By Jason Pribila: Two weeks before stepping into the ring to defend the WBO welterweight title for the first time, Team Pacquiao hosted a media conference call on Friday. As they tried to focus on the road to Dallas that will lead them to the challenge of Joshua Clottey, they did their best to leave Floyd Mayweather Jr. in the rearview mirror… for now.
“To be frank, we had to overcome disappointment,” admitted Top Rank President Bob Arum. “People were looking forward to a Pacquiao-Mayweather fight. That is clear. Manny has a huge fan base. He has crossed over. Our job is to present Joshua Clottey as he is: A bigger guy. A stronger guy. A real test for Manny Pacquiao. That is what will sell this fight.”
Unfortunately for Arum, it is not Freddie Roach’s job to sell tickets or PPVs. Therefore when the esteemed trainer was asked to break down the fight, everyone could count on receiving Roach’s honest opinion. And recently when it comes to his prized pupil, Roach has been nothing short of Nostradamus.
“We have watched a lot of tape on Clottey. We know his characteristics, we know his mistakes, and we know his habits,” Roach said. “I know Clottey is a big strong guy and a great fighter, and we respect him; but with Manny Pacquiao I feel that he’s going to overwhelm him with his speed and his combinations, and I do believe he will be the first person to stop him before the 12th round.”
Adding to Roach’s confidence is the fact this will be the second straight fight that he will be matching X’s and O’s with a trainer that is comparatively a novice.
Training Clottey for the first time will be Lenny DeJesus, a veteran of the fight game for over forty years. Dejesus has worked corners with legends like Angelo Dundee and Eddie Futch, and worked with champions like Roberto Duran, Wilfredo Benitez, Joel Casamayor, and one Manny Pacquiao. However, despite his lifetime of experience, DeJesus worked primarily as a cutman; not the head trainer.
“Lenny DeJesus used to work as a cut man for Manny Pacquiao,” Roach explained. “He knows us pretty well, but we have changed a lot since then. He thinks he’s going to face the old Manny Pacquiao, but that’s not going to be the case. I respect him and he’s a good boxing guy.
Am I a better trainer? I don’t know, but I have the better fighter.”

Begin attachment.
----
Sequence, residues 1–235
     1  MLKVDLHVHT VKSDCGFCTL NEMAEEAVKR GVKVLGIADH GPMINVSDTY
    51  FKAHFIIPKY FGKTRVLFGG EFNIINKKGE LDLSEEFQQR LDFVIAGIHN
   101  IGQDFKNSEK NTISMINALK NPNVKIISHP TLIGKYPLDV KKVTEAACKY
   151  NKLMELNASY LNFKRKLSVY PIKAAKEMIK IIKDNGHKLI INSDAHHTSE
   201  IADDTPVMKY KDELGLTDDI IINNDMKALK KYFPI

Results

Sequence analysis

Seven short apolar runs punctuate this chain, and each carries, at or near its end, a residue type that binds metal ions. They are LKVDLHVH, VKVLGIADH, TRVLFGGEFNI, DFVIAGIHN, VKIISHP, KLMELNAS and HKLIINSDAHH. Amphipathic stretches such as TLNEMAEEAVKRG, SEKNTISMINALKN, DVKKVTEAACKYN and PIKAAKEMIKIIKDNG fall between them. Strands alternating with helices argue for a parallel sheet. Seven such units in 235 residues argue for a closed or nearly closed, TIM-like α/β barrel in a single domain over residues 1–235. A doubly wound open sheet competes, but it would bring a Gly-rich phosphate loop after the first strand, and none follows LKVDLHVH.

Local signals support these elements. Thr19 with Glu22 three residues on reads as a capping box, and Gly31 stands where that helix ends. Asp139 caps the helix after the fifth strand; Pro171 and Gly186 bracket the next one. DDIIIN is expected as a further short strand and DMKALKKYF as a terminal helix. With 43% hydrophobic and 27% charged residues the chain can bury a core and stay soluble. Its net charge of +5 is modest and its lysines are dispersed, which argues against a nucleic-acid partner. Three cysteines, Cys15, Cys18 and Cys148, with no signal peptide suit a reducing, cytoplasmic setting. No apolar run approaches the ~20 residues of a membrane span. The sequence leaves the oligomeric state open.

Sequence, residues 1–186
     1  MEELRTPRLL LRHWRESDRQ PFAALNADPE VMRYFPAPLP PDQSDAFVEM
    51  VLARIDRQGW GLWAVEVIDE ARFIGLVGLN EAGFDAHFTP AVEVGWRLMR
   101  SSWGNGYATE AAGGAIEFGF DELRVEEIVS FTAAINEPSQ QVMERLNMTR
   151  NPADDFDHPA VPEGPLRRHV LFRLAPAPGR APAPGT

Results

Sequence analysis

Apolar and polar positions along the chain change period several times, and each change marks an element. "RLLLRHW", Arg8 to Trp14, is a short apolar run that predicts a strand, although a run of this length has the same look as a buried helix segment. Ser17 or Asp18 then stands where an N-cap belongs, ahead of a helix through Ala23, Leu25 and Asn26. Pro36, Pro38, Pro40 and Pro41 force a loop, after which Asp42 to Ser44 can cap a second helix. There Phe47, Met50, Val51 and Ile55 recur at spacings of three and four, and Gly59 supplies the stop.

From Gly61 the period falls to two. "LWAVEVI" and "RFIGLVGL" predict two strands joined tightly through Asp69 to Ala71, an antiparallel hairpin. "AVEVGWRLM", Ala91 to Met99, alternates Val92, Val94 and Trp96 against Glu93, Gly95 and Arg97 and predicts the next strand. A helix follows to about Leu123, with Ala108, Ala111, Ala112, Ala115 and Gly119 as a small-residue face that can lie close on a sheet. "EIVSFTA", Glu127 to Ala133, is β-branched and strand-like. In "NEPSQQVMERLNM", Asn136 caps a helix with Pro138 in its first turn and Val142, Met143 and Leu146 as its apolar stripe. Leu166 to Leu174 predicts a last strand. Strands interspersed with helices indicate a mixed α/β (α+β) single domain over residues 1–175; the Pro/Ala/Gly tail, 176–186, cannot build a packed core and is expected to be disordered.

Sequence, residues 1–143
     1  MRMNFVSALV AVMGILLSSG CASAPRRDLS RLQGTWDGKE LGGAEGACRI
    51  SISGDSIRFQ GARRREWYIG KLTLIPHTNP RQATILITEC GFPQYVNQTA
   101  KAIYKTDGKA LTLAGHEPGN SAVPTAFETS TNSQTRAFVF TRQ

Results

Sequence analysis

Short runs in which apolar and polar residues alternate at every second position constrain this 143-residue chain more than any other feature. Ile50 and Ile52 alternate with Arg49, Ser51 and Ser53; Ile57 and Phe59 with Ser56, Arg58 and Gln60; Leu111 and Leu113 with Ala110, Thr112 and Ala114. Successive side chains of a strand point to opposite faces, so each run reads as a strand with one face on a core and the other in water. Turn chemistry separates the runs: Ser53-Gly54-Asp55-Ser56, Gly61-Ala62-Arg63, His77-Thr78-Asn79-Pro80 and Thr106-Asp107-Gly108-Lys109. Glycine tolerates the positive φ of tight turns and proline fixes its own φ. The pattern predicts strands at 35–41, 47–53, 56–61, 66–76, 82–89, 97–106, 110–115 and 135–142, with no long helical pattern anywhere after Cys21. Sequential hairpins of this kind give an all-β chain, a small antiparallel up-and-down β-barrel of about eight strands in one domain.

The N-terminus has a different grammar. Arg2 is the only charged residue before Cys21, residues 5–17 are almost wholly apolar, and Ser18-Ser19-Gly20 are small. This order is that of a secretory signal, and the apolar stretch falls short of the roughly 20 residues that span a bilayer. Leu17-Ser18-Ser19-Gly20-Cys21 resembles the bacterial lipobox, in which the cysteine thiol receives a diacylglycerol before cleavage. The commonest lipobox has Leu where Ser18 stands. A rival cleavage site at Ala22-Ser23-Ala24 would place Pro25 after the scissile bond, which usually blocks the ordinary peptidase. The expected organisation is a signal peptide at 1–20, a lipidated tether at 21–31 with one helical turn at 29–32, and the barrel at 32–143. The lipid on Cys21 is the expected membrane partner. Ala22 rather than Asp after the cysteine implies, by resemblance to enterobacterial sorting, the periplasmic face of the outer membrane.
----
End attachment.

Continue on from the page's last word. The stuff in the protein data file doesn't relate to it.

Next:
It is hard to believe that it was only two years ago that Roach was leading Pacquiao to the ring for the highly anticipated, and closely contested rematch against Juan Manuel Marquez. Even harder to believe is that fight took place at Super Featherweight (130 lbs).
Following the Marquez fight it was no surprise that Pacquiao moved up to the lightweight division. Three months later he challenged and stopped David Diaz for the WBC version of that title. That night at Mandalay Bay seemed as if it would mark the beginning of a potentially long, and brilliant run at lightweight.
Less than two years later Pacquiao has not only moved up two weight classes, but he has stopped everyone in his path. On March 13 he will face a man that will resemble a middleweight when the opening bell rings. And he is a big favorite.
To me, that is the story of this fight. That is what makes this fight more than a consolation prize. And that is what the media should have been discussing with Manny Pacquiao during this call. Instead they wanted the pound for pound champ to either look back prior to, or beyond Clottey.
Looking back, of course, was to revisit the failed negotiations with Floyd Mayweather Jr. and the accusations that were made against him.
“I don’t want to talk about or think about blood testing. I want to focus on the Clottey fight, “Pacquiao said.
Although that plea fell on deaf ears, follow-up questions did reveal Pacquiao’s feelings about whether or not a bout with Mayweather was inevitable.
“I don’t really need Floyd Mayweather because what I have achieved in boxing is good enough for me, and people know that by comparing my achievements in boxing to his achievements.”
While those sentiments are not what the boxing world wanted to hear, Pacquiao’s response to the retirement rumors should be well received.
“I am not saying retire,” Pacquiao confirmed. “This is my last fight before the election. It is hard to say right now when I’m going to retire, but this is my last fight before the election and I’m very excited about it.”
A relieved Bob Arum added, “He is not saying he would retire after the Clottey fight, quite the contrary. Obviously one of these days he is going to retire. After the election he may retire or he may fight. He is leaving the options open.”
Pacquiao provided another clue that he is not ready to hang up the gloves when he was asked, “What type of boxer can beat you?”
“When I’m old, “Pacquiao responded.
With the top spot in the division currently being held by 38 year-old Shane Mosley, it is safe to say that March 13 will not be the last we see of the 31 year-old Manny Pacquiao.
March 2, 2010